From left, Great Falls sixth graders Katarina Christie, Sabrina Vazquez, Alejandro Garcia Donoso and Daniela Arbid are honored by the Great Falls Optimist Club Wednesday, May 8.
Photo by Alex McVeigh.
Great Falls The Great Falls Optimist Club recognized four sixth graders Wednesday, May 8 with their Helping Hands award, the first time the club has given out the awards to sixth graders whose efforts in school and in their communities have brought them to the attention of their teachers.
“The Vienna Optimist Club has handed out their awards for years to students from their 11 elementary schools, so we thought it was time we did something to recognize the students at our schools,” said T.R. Cook, president of the Great Falls Optimist Club. “And we found many students here that were deserving.”
Daniela Arbid of Armstrong Elementary School, Alejandro Garcia Donoso of Great Falls Elementary School, Katarina Christie of Forestville Elementary School and Sabrina Vazquez of Colvin Run Elementary School were this year’s awardees.
ARBID is an active member of the school’s student body and is seen by the student body as a leader, said sixth grade teacher Josh Villarreal.
“She is well organized, and always prepared for class with quality work,” he said. “She has high expectations and maintained a positive demeanor and excellent communications skills with her peers and teachers.” Jenny Anderson, a counselor at Great Falls Elementary School, praised Donoso for serving as an example of the school’s Character Education Program. “His respectful, honest and caring disposition comes naturally and is one that all his teachers agree makes him deserving of this award,” she said. “He is a Great Falls peer mediator, and he was selected for this position based on his ability to engage with many different people in a helping capacity … during his fifth grade year, he befriended a student who was new to the country and did not speak very much English. Alejandro still continues this friendship today and has been a source of support and guidance for his friend.”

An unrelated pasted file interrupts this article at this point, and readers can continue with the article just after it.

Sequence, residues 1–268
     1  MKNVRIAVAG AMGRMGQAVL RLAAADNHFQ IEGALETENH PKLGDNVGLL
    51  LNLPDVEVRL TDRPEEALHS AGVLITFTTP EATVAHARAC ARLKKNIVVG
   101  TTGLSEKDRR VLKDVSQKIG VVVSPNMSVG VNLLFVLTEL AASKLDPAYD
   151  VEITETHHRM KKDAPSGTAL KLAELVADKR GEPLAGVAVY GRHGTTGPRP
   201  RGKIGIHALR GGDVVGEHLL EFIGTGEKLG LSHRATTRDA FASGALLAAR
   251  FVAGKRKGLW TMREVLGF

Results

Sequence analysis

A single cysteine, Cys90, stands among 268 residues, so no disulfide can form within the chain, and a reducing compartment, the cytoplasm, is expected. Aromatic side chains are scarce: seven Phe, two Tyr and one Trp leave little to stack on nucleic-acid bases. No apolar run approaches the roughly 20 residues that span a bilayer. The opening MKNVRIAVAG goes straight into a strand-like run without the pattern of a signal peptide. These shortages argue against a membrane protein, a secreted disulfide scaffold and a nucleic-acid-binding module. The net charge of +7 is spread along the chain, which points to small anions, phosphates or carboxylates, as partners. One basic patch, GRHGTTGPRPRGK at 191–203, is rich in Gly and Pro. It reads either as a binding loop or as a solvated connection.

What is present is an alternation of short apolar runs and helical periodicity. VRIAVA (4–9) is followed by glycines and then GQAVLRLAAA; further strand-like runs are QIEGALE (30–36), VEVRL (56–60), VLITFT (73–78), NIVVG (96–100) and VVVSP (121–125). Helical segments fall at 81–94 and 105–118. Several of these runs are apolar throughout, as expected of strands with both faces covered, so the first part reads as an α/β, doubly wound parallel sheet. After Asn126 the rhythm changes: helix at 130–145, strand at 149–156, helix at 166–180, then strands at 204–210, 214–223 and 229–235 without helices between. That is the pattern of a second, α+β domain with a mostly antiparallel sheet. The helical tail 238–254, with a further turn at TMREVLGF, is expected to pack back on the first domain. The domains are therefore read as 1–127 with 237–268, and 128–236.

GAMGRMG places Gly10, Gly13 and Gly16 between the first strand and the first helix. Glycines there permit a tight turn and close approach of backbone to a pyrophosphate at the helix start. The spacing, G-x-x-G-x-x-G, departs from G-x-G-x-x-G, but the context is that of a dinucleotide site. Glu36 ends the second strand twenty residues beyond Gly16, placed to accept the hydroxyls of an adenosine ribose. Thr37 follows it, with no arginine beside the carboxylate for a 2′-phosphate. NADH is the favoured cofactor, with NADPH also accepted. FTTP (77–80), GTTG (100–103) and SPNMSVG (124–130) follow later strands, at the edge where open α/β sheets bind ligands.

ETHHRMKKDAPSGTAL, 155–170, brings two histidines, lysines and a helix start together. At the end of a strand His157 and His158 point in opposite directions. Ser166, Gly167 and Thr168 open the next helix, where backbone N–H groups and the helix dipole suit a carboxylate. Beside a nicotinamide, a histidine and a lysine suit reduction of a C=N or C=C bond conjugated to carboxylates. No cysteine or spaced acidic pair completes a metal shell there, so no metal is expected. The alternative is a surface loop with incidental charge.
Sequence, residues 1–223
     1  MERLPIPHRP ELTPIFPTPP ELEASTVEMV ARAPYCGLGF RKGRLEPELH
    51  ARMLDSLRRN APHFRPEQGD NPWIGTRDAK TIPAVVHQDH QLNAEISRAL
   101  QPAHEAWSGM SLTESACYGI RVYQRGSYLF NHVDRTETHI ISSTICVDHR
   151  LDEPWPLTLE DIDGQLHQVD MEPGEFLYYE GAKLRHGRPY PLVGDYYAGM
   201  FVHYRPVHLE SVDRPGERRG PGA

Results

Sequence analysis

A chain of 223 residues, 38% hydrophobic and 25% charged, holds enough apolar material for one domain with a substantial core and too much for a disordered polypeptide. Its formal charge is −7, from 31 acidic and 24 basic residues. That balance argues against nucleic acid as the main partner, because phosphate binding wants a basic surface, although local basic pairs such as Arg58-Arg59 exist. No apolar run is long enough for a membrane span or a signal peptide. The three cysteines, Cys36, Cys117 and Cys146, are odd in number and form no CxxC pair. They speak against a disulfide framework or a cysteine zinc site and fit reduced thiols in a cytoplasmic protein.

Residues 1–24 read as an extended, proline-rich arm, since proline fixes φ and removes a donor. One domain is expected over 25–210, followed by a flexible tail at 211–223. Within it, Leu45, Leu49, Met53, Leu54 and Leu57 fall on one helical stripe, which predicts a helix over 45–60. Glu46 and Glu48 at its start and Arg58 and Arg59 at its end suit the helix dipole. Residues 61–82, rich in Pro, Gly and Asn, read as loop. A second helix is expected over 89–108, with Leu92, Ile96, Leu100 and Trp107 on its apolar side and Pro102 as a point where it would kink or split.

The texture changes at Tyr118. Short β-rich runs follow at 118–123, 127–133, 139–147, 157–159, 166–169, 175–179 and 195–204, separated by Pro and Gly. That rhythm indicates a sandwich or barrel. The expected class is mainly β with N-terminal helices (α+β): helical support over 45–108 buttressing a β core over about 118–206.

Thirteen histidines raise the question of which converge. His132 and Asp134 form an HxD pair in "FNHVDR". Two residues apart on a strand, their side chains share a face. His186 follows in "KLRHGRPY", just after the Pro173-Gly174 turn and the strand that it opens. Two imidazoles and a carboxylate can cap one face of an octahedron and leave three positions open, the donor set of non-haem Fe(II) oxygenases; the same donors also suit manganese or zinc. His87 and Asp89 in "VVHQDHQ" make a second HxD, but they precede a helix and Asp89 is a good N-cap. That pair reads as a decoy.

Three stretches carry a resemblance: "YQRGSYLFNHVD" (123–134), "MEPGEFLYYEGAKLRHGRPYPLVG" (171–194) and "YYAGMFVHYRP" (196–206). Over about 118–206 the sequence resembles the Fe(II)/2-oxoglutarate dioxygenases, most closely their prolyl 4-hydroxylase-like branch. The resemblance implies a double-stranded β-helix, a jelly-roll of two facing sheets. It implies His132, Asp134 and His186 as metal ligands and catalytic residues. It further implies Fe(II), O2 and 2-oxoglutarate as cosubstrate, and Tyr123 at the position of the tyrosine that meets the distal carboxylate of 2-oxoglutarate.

CHRISTIE has been praised by her teachers and administration for looking out for other students. As a member of the safety patrol, she is on alert for teasing and bullying of other students.
“Even when nobody’s looking, she’s doing things we can all appreciate,” said Matt Harris, principal at Forestville.
VAZQUEZ has been a constant fixture in Colvin Run Elementary’s outreach efforts. In the aftermath of Hurricane Sandy, she approached administration about putting together a school supply drive for affected students in the New York-New Jersey area, collecting more than $1,300 worth of supplies.
“Whatever she does to help people is done because she sees a need to help, never because of a need for recognition. She has an innate ability to see when help is needed, be it for teacher or student, and just goes ahead and does it,” said Marlene Guroff, a counselor at Colvin Run. “She is the first one to volunteer and offer her services and always conducts herself with a polite manner and air of humbleness.”
Each student was given a trophy and the Optimist Club made a $200 donation to each of the schools.
“We’re making a donation to these schools, which will hopefully go to something that will help the students, but we really feel we’re making an investment in the future with these kids,” Cook said. “We feel very strongly that all four of these students will have an impact on the people around them as they grow older. They’ve already proven themselves as people who help other people, and we hope that continues.”